How important are health and safety officers at construction sites? Johan Heyneke, health and safety consultant at Riscon Consultants, explores the issue
Contractor management is one of the key roles that health and safety officers fulfil on construction sites. They have to ensure that all the safety regulations and legislative acts are followed by the contractors (working under the principal contractor), that the working environment is safe and that the general public don’t get in harm’s way.
It’s useful to look at the definitions of principal contractors and contractors (or sub-contractors, although this term doesn’t appear in the Occupational Health and Safety Act – OHS Act – or any of the regulations – thus it is technically incorrect to use it).
The “principal contractor” is the contractor who tendered for, and won, a specific tender and was appointed by the client. Contractors (or “sub-contractors”) are directly appointed by the principal contractor on the project to complete smaller specialised jobs – so they play a major role on construction sites.
The industry does have some challenges, however. On one site the client may be fully engaged and want safety to be the top priority. On other sites the client may not value safety in the same way, as they might see it as a waste of time and money – merely seeking contractors to tick the minimum number of boxes to ensure compliance.
This is where the role of health and safety officers is paramount. They should ensure that any additional training or site-specific documents required by the contractors are provided.
Safety officers also need to provide contractors with a list of documents that are required, for example:
• The client’s occupational health and safety (OHS) specifications and the client’s baseline risk assessment;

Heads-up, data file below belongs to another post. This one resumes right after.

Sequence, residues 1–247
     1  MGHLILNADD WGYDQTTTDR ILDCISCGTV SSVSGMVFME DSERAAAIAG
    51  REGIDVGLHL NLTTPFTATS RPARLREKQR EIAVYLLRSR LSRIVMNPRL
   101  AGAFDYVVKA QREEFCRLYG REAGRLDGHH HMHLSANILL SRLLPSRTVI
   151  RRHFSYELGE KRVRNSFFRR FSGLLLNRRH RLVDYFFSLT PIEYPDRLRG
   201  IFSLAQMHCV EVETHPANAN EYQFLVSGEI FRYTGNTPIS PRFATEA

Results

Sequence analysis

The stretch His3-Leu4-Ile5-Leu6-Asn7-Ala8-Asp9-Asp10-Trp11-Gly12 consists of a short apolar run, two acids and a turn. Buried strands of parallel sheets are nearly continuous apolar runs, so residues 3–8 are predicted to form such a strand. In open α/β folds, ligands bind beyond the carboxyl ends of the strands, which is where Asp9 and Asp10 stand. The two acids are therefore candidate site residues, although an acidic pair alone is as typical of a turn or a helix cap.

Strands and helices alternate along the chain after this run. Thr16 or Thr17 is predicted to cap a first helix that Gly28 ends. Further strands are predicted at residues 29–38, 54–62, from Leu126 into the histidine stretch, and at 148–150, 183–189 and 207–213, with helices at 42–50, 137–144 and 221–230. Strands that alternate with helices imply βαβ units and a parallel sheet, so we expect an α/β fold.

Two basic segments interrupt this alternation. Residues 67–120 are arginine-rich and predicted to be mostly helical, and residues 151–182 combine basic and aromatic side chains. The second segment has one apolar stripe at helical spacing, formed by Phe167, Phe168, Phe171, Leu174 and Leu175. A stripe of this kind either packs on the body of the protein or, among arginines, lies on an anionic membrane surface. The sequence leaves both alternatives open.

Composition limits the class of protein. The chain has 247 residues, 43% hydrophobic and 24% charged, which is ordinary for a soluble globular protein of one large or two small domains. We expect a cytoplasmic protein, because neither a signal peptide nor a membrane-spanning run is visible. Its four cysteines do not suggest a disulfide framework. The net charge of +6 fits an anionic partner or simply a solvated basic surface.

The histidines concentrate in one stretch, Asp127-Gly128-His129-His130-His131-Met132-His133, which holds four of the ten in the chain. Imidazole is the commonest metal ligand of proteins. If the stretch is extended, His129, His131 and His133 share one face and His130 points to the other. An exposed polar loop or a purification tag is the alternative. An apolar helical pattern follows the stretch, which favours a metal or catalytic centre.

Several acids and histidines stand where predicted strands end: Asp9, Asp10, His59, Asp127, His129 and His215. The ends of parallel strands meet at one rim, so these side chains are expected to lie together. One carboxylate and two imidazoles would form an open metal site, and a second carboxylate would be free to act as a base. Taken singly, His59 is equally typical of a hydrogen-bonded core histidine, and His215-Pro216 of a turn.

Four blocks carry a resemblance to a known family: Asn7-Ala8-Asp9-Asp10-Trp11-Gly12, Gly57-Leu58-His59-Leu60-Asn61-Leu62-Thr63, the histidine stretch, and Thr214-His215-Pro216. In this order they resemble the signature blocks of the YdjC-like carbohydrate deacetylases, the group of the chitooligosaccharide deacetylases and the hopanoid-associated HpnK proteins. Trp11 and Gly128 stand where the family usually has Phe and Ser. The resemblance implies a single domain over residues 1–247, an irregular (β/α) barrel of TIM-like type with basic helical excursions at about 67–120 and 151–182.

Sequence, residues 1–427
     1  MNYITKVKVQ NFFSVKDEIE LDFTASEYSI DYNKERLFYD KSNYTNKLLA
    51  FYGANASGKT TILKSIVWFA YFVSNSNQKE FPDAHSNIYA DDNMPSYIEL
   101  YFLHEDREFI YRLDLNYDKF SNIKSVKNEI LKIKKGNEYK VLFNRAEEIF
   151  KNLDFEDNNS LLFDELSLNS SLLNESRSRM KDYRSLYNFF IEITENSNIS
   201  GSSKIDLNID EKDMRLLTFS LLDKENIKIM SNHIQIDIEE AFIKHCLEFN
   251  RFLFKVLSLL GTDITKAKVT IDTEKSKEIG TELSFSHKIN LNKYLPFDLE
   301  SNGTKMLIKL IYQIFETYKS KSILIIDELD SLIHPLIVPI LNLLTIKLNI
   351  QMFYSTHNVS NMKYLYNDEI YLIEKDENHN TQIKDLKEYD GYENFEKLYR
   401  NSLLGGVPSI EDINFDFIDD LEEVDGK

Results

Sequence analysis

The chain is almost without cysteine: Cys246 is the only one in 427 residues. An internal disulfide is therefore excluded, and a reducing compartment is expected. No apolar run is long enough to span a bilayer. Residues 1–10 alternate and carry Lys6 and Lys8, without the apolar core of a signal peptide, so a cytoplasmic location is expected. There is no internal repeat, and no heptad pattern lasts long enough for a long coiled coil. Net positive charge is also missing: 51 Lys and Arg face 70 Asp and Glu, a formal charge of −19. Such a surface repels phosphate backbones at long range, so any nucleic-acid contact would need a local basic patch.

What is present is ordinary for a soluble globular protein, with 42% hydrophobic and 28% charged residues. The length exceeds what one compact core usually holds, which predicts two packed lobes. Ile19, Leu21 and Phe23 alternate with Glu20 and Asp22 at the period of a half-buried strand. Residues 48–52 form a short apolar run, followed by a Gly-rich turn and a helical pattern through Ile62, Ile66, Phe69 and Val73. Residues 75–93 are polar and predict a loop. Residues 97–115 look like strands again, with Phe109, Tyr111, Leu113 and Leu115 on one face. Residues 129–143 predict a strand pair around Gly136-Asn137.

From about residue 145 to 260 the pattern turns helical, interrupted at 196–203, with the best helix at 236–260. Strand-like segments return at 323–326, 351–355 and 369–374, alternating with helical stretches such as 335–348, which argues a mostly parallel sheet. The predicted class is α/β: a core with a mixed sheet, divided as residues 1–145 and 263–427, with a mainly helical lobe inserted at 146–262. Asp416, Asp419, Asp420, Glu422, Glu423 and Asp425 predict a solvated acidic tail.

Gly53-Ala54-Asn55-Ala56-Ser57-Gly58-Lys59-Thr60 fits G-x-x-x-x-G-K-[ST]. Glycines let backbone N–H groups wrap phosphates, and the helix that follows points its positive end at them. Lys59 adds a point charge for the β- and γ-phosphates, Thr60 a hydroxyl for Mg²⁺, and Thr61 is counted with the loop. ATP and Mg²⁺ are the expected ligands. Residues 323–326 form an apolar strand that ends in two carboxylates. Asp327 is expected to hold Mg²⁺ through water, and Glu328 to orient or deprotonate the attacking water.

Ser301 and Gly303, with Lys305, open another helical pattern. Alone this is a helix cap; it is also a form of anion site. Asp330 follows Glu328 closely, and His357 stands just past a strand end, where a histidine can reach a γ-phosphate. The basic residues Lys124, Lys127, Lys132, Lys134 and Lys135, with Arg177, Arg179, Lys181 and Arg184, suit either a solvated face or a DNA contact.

• Medical examinations;
• A list of the employees appointed;
• A letter of good standing; and
• Risk assessments.
Safety officers also have to work hand in hand with a contractor’s safety representative to ensure that the workplace is kept safe. They have to ensure that the safety representative attends safety committee meetings, which must be held at least once every three months, as stipulated in the OHS Act.
It would, however, be more feasible to hold these meetings once a month. Any on-site challenges, from the contractor’s side, could in this way be brought to the health and safety officer’s attention. The safety officer could also determine if the safety representative is receiving the necessary assistance.
To maintain site safety and to address employees’ concerns, issues arising from these meetings need to be addressed. Safety officers also have to regularly carry out audits and compile reports on the contractor’s safety files to ensure everything is in order.
If the contractor fails to comply, it’s a safety officer’s duty to implement corrective action. If non-conformance continues, a fine should be issued.
In my view, the best approach is for the principal contractor, or the client’s OHS agent, to include a penalty clause in the contractor’s management plan – which states that a fine will be levied if, for example, a contractor allows an employee to work at height without the necessary training or equipment.
These fines don’t only have to be in a monetary form. The clause could state that a contractor will have to pay for the training or buy the necessary safety equipment to correct the non-conformance.
Health and safety officers are usually seen as unnecessarily strict gatekeepers who take things too far … but they’re the ones who sincerely want to prevent accidents and save lives so that all who enter construction sites can, at the end of the day, go home unharmed.